Guidelines for Home Appraisal

Home Appraisal

Home appraisals are used to determine a property's market value for various reasons, such as to establish a sales price or for property tax records. Lenders require appraisals to help determine whether a loan should be approved. Buyers should review an appraisal report to gauge whether they are overpaying for a home. Both state and federal guidelines exist for real estate appraisals. Federal guidelines for home appraisals changed on May 1, 2009, with the enactment of the Home Valuation Code of Conduct.


Many appraisals have been inflated to facilitate higher loan amounts. In response to fraud and improper influences on appraisers, the Home Valuation Code of Conduct (HVCC) was created as a safeguard for investors, home buyers and the housing market. The HVCC prohibits lenders and third parties from influencing the appraisal, which can arise when brokers directly contact appraisers. Mortgage brokers must use intermediaries instead of directly contacting appraisers. For example, a mortgage broker may contact a mortgage lender, who would then locate an appraiser.


Guidelines for home appraisals vary by state and different regulatory agencies oversee real estate appraisers. For example, the Texas Appraiser Licensing and Certification Board issues appraiser licenses and regulations. Meanwhile, the Washington State Department of Licensing certifies appraisers and regulates requirements regarding education and experience.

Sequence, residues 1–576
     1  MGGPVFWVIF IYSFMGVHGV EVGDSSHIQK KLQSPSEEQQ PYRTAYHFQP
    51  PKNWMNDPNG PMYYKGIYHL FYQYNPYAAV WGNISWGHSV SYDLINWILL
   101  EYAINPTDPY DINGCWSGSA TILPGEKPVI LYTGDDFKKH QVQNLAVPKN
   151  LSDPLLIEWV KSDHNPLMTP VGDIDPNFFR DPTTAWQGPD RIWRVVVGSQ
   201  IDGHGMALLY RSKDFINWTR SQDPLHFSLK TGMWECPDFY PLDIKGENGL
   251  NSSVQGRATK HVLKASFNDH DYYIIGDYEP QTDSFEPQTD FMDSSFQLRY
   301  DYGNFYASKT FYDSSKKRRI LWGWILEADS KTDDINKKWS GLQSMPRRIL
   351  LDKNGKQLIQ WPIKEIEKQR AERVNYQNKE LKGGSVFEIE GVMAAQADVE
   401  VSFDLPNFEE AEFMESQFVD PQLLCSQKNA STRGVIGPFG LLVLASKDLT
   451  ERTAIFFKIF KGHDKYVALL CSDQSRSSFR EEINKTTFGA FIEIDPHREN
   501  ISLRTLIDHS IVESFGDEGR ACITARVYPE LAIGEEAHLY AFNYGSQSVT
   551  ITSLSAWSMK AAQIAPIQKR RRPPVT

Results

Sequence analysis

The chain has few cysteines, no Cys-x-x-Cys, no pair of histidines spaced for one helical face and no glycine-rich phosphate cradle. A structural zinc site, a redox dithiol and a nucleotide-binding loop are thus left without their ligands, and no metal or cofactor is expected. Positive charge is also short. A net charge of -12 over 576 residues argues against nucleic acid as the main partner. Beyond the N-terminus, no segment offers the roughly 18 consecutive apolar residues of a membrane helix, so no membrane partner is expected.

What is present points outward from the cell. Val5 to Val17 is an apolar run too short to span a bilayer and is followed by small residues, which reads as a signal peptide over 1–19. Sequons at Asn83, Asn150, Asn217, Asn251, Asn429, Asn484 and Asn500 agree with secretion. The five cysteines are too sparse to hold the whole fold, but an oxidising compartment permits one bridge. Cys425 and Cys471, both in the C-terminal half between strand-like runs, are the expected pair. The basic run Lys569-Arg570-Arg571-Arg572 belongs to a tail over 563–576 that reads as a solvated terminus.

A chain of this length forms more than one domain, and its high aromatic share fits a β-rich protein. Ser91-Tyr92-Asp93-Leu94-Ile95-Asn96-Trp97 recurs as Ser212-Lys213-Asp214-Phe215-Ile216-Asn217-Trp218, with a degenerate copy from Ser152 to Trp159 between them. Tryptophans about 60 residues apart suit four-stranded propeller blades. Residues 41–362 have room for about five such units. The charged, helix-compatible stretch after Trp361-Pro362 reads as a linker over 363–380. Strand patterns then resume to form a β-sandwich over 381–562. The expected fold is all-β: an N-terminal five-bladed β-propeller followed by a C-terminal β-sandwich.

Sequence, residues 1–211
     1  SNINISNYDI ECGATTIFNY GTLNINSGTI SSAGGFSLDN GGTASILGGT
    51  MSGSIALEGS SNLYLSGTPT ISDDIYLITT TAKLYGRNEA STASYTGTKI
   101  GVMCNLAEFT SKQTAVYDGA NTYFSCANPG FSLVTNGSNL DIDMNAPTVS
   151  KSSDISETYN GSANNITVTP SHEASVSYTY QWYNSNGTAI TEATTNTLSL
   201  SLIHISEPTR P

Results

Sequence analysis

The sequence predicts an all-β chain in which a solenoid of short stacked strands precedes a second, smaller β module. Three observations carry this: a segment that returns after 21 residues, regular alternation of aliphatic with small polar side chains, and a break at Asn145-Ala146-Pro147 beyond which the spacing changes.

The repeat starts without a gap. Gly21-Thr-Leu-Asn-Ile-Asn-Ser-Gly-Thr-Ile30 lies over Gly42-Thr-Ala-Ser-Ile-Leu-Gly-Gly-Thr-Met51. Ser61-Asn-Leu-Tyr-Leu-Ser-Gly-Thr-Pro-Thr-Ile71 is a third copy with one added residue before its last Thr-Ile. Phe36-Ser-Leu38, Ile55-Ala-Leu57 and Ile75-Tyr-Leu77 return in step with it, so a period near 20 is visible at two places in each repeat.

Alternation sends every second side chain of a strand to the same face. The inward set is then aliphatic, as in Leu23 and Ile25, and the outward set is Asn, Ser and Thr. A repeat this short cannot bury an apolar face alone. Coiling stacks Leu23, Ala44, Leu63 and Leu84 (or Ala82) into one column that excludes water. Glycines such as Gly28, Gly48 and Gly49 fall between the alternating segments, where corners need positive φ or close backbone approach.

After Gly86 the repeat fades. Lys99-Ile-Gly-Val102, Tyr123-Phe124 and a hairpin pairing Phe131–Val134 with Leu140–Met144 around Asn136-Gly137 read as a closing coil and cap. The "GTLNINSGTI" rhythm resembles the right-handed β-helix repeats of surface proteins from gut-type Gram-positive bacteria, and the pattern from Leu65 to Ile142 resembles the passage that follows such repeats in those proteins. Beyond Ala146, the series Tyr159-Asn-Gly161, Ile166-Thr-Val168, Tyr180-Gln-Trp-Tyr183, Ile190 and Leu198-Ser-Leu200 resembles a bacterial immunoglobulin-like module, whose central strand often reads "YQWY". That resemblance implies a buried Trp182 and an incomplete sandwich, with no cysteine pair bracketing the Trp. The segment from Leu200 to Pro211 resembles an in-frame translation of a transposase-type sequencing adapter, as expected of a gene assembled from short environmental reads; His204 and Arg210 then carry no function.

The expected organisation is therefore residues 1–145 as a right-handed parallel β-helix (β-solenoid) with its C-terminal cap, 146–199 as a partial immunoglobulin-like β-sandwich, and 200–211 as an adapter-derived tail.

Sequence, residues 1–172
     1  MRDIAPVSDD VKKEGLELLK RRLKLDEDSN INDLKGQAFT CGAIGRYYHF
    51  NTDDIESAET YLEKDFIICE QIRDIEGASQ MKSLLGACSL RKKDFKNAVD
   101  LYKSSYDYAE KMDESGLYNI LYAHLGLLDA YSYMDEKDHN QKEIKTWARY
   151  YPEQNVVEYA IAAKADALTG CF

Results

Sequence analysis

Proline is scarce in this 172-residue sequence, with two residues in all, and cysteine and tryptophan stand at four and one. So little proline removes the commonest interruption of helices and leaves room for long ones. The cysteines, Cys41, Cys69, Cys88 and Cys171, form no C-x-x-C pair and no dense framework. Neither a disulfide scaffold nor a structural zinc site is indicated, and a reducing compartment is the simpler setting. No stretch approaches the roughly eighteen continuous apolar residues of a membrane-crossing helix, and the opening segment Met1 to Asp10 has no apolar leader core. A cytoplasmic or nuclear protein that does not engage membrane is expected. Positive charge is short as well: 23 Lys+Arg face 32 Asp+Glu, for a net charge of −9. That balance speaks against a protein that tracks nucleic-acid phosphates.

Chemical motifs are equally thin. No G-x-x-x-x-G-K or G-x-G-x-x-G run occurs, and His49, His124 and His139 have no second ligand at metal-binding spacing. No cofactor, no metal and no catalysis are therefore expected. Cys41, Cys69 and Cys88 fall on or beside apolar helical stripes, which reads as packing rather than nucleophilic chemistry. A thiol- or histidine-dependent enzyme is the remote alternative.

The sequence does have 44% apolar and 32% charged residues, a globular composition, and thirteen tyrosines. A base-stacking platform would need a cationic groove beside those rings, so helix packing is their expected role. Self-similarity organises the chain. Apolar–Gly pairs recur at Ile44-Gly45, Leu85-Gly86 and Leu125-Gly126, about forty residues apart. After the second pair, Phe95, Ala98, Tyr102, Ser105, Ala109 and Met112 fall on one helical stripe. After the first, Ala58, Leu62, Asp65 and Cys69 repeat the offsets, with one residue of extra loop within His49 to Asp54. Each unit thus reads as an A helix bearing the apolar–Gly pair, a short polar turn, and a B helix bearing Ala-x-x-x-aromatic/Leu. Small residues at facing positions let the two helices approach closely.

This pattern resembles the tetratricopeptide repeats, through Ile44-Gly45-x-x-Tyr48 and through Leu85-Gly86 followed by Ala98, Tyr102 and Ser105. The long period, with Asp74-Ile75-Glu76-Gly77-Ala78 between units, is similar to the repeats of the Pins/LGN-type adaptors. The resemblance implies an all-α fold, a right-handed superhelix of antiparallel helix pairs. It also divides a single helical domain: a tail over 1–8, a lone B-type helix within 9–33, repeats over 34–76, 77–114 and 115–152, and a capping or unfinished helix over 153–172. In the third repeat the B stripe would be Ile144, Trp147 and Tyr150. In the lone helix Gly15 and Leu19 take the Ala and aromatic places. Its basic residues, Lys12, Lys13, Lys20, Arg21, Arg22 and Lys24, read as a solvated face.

Pay attention to an appraiser's experience rather than focusing exclusively on his fees. Knowledgeable appraisers understand local guidelines. Many appraisers are affiliated with professional associations, like the Appraisal Institute, While real estate agents may project a market price that is similar to a home appraisal, keep in mind that agents do not use in-depth analysis. Appraisers prepare reports that include specific details about the property as well as highlights of negative aspects. Appraisals often compare similar properties or use a cost approach for new homes, which focuses on the cost to replace the property.